Risk-based determination of critical nitrogen deposition loads for fire spread in southern California deserts

Posted on 2016-08-04 - 11:45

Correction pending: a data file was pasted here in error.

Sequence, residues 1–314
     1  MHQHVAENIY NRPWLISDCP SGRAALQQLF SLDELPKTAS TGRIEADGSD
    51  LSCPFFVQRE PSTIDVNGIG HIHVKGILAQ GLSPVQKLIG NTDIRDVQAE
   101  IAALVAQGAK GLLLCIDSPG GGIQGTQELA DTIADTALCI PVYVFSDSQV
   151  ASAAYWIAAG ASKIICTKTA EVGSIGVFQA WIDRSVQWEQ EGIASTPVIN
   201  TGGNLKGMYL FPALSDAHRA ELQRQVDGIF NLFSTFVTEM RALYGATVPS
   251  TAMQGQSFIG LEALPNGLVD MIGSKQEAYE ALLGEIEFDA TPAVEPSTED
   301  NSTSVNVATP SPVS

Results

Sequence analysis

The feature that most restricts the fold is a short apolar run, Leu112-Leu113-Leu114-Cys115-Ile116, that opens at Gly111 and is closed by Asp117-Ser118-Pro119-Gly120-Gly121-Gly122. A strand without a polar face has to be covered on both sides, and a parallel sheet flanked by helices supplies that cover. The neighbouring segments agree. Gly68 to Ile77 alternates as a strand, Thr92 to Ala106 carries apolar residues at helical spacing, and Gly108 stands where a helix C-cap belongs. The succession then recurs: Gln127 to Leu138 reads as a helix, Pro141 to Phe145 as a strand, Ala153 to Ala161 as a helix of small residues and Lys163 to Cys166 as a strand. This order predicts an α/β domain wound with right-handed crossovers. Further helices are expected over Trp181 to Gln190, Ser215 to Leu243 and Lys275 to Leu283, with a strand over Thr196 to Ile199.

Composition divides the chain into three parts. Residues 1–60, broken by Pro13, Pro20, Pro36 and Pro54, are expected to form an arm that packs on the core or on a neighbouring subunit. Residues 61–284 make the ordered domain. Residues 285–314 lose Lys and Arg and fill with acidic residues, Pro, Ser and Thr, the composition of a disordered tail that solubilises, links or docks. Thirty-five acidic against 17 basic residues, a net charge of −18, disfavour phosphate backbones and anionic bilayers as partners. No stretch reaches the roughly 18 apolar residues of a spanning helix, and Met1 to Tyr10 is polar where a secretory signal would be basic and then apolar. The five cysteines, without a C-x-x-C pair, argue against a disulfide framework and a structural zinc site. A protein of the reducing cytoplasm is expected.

Fire risk in deserts is increased by high production of annual forbs and invasive grasses that create a continuous fine fuel bed in the interspaces between shrubs. Interspace production is influenced by water, nitrogen (N) availability, and soil texture, and in some areas N availability is increasing due to anthropogenic N deposition. The DayCent model was used to investigate how production of herbaceous annuals changes along gradients of precipitation, N availability, and soil texture, and to develop risk-based critical N loads. DayCent was parameterized for two vegetation types within Joshua Tree National Park, California, USA: creosote bush (CB) and piñon–juniper (PJ). The model was successfully calibrated in both vegetation types, but validation showed that the model is sensitive to soil clay content. Despite this fact, DayCent (the daily version of the biogeochemical model CENTURY) performed well in predicting the relative response of production to N fertilization and was used to determine estimates of fire risk for these ecosystems. Fire risk, the probability that annual biomass exceeds the fire threshold of 1000 kg/ha, was determined for each vegetation type and began to increase when N deposition increased 0.05 g/m2 above background levels (0.1 g/m2). Critical loads were calculated as the amount of N deposition at the point when fire risk began to increase exponentially. Mean critical loads for all soil types and precipitation <21 cm/yr, representing the majority of our study region, were 0.32 ± 0.07 and 0.39 ± 0.09 g N/m2 for CB and PJ, respectively. Critical loads decreased with increasing soil clay content and increasing precipitation, such that the wettest areas with clay contents of 6–14% may have critical loads as low as 0.15 g N/m2. Mean fire risks approached their maximum at 0.93 ± 0.21 and 0.87 ± 0.17 g N/m2 in CB and PJ, indicating that precipitation is the driver of fire above these N deposition levels, which are currently observed in some areas of the Sonoran and Mojave Deserts. Overall, this analysis demonstrates the importance of considering both N deposition and precipitation when evaluating fire risk across arid landscapes.


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